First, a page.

Posts Tagged how to write dialogue

7 swift storytelling hacks for back story, description, dialogue, exposition, point of view and plot

I’ve just finished a developmental edit and, as always, I enjoyed how it refreshed my appreciation of storytelling essentials.

I thought I’d share them here in case they’re useful.

Back story…

Don’t make back story about the past. Let back story tell us about the characters in the present. Their attitudes, aspirations, aversions, aptitudes… Also, remember back story is only half the equation. The other half is how it affected that individual.

Describing characters…

Physical description does more than create a visual image of a character – this person is tall, this person has long hair. It also tells us about the experience of being in someone’s presence. For instance, a person might have an unsmiling aura that makes other people feel like they’ve said the wrong thing. Or a worried expression, as if they’re always expecting calamity.

Some writers always tell us about characters’ eyes, or the kind of shoes someone wears. That’s fine if they have one narrator or viewpoint character, but if they have several, it looks weird. Vary your descriptive tics!

Actions can help with description too. If characters are having a conversation and one of them pushes their hands through their hair, what is conveyed by that action? Is it a random fidget, a gesture of thinking? Is it a reaction so something the other person has said?

Which brings me to…

Dialogue

Dialogue is more than information. It is a way for characters to affect each other, and for the reader to witness it. Think beyond speech. Show how the characters maybe make each other uncomfortable, or amuse each other, or infuriate each other. Or how one is comfortable and one is not. So don’t miss out reactions in dialogue – they’re just as important as what characters are saying.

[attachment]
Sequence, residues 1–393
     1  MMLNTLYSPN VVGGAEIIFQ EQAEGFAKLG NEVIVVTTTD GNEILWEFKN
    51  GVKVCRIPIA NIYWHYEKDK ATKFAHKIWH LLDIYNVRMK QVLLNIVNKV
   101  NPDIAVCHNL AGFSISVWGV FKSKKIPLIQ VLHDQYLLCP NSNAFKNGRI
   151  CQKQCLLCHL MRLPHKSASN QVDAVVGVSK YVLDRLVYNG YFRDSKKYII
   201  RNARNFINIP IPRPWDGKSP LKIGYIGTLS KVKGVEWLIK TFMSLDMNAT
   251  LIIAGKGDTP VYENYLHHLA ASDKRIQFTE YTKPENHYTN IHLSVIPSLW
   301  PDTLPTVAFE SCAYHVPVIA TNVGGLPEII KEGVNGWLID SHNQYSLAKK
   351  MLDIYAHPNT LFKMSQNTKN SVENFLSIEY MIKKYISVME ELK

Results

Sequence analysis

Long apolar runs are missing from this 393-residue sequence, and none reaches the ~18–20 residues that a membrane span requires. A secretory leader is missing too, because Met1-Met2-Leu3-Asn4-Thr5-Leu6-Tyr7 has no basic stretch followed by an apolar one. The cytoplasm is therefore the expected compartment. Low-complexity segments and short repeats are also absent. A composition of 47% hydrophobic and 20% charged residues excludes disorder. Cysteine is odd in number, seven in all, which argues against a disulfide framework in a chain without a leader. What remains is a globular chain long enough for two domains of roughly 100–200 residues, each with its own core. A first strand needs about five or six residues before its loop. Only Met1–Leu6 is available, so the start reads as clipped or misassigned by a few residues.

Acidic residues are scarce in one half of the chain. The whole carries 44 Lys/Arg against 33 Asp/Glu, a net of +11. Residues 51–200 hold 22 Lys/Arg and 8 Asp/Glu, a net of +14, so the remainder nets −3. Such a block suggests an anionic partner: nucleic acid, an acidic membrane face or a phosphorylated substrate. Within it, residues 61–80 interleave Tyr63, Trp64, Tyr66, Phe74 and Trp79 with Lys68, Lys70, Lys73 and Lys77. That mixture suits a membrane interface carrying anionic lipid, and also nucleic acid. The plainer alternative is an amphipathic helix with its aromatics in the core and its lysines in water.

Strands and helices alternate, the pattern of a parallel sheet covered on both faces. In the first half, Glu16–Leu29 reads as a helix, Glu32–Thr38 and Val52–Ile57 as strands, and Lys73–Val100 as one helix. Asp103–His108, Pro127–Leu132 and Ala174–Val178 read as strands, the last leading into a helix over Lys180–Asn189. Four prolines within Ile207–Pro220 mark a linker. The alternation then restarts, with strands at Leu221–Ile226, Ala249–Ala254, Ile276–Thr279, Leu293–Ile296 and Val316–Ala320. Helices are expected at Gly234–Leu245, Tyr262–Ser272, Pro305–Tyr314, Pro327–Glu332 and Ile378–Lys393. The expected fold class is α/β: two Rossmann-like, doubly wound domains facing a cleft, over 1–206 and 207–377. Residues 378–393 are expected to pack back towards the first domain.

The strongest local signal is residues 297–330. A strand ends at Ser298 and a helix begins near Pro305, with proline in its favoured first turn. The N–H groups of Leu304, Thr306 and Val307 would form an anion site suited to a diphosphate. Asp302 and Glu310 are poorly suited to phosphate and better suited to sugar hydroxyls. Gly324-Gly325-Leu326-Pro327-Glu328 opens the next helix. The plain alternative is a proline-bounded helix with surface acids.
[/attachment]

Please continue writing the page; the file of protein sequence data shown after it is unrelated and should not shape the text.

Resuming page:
Scene-setting description

This usually works best if it has an emotional dimension – the character notices something because it illuminates something about their mood or feelings. So they might notice the décor because they are irritated by it, maybe because it reminds them of something they once hated; or they might feel cheered up by it.

Exposition

There are two narrative steps to giving information (exposition). Step one is the information you want to give the reader. Step two is finding a way to give it that is as natural, interesting and intriguing as possible. Usually, you have to give it in a way that also serves another purpose – such as demonstrating something about the viewpoint character. It might show us they’re good at something, or afraid of something, or traumatised by something – or bad at something! Check you’ve done both steps – create the information (eg character background), then make it serve another narrative purpose as well.

Choosing point of view

When you have an event that could be described from a number of viewpoints, opt for the one that will experience most discomfort. This may not always be the person who is doing the most action – it might be someone who is observing, thinking ‘what on earth am I going to do about this?’

Interesting difficulties!

If you’re ever stuck for a plot idea, look for your characters’ interesting difficulties. Write your prose so that it highlights struggle, conflict, hard decisions. That way, you’ll keep the reader gripped.

There’s loads more about all these points in my books on characters and plot. Or you can book me as your editor!

And on the subject of writing, here’s what’s been happening in my creative world this month.

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9 tips to nail dialogue – guest post at Ingram Spark

Well-crafted dialogue brings characters, literally, to life.

Dialogue is immediate, it has energy, it’s a tool for subtext and for x-raying the characters’ personalities and hearts. With all that to consider, writing fine-honed dialogue is almost a literary discipline of its own.

Today I’m at the Ingram Spark blog, with 9 key tips for writing and revising to make your dialogue sing. Come over.

PS There’s an entire chapter on dialogue in my characters book.

PPS Editing fast, editing slow, finding experts… here’s what’s been happening in my own creative worlds this month

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Why writing a novel is not like writing for your day job – and how to transition

Nail-Your-Novel_2_cities_presentationcuYesterday I was teaching an editing masterclass at The Guardian. During the lunch break I got chatting to a desk editor from its sister title The Observer, who remarked that he’d always been curious about writing a novel, but wondered where his journalism instincts would be a hindrance and where an advantage. (He was also remaking several news pages to squeeze in the latest royal birth, so was possibly hankering for a life where he’d be in charge of the surprises.)

Two worlds